Rapid command-line access to the PDB

This is hardly earth-shattering stuff, but just for reference.

There are multiple ways to grab PDB files from the RCSB PDB servers. If you know the accession code of a structure, the simplest way is wget (or similar) straight off the FTP or HTTP server:

FTP
wget ftp://ftp.wwpdb.org/pub/pdb/data/structures/all/pdb/pdbXXXX.ent.gz

HTTP
wget http://www.rcsb.org/pdb/files/XXXX.pdb.gz

where XXXX is the 4-character PDB accession code.

Note the recent change of URL for the PDB archive: ftp://ftp.wwpdb.org. Note also the confusing 2, not 3 “w” in the URL.

5 thoughts on “Rapid command-line access to the PDB

  1. freesci

    Thanks! That actually inspired me to put this command into a bash script I called getpdb:


    #!/bin/bash
    wget ftp://ftp.wwpdb.org/pub/pdb/data/structures/all/pdb/pdb$1.ent.gz

    so I can type “getpdb 1hio” and have the file downloaded to the current directory. Again, nothing groundbreaking, although I have never thought about simplifying process of getting PDB files.

  2. nsaunders Post author

    This is what I love about using the command line in Linux. There are all these small, self-contained unassuming tools which come together to create an ultra-efficient way of working. I still get a buzz from it after all these years.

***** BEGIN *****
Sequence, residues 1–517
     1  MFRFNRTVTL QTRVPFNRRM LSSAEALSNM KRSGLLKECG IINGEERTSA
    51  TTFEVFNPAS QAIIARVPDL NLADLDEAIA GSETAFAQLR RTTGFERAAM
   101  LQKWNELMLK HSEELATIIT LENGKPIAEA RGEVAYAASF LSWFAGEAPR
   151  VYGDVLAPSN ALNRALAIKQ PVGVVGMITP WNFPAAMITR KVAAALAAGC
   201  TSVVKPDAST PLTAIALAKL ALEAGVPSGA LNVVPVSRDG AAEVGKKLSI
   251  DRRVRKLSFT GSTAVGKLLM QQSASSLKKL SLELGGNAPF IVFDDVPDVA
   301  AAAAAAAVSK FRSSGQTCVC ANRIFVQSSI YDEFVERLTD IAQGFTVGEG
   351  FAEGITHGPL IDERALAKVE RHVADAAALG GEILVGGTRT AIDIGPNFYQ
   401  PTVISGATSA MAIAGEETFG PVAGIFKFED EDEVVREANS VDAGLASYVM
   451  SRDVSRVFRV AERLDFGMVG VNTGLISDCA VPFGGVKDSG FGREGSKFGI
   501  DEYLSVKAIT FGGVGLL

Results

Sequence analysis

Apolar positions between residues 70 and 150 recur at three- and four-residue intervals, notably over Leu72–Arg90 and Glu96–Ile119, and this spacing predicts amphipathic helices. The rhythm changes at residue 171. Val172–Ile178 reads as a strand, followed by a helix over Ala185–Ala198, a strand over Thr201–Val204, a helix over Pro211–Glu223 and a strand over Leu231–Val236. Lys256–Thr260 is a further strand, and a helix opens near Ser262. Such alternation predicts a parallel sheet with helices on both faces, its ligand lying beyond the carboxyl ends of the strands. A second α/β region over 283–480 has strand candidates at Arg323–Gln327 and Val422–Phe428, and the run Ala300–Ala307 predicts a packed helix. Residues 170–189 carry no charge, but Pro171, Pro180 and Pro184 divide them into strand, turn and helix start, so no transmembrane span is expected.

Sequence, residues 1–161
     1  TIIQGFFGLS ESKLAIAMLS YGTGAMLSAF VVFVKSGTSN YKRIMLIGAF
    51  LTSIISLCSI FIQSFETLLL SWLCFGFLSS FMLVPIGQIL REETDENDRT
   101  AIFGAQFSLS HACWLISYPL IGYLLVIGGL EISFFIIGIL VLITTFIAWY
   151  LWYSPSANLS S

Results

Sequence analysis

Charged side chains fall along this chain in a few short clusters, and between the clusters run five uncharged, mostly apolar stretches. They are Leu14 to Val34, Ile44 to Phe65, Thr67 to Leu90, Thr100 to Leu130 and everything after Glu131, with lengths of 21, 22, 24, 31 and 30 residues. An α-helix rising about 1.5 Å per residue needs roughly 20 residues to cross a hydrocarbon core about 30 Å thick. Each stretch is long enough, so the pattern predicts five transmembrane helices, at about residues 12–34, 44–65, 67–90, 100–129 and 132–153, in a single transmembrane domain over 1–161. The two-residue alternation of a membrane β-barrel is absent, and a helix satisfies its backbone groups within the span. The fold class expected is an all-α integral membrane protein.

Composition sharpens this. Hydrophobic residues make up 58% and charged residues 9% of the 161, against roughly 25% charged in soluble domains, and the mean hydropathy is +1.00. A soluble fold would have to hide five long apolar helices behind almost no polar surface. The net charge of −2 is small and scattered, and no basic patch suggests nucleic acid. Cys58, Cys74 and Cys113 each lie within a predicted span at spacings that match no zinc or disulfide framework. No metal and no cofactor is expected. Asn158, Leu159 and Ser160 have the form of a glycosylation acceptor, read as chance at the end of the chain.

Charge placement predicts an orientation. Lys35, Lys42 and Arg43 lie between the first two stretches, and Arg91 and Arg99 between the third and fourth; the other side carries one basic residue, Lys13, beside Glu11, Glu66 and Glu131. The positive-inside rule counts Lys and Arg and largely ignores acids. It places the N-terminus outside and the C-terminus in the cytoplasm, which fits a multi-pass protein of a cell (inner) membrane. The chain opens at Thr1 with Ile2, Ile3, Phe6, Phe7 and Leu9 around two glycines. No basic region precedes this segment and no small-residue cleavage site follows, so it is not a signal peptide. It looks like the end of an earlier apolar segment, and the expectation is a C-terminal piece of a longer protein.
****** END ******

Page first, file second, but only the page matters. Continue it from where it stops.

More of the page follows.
By the way, this list of HTML character codes will help you enter things like the dollar sign in the comments.

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  5. Dominik

    If you like Unix style of command-line work, you may try BioShell:
    http://bioshell.chem.uw.edu.pl/

    which helps you manipulating various files, for example:
    java Strc -ip=4mba.pdb -selection=A.34:108 -op=out.pdb
    to get residues from 34 to 108 from chain A

    The package is written in java and formally you have to start each command with “java”. This may be avoided by an alias (e.g. in your .bashrc file)

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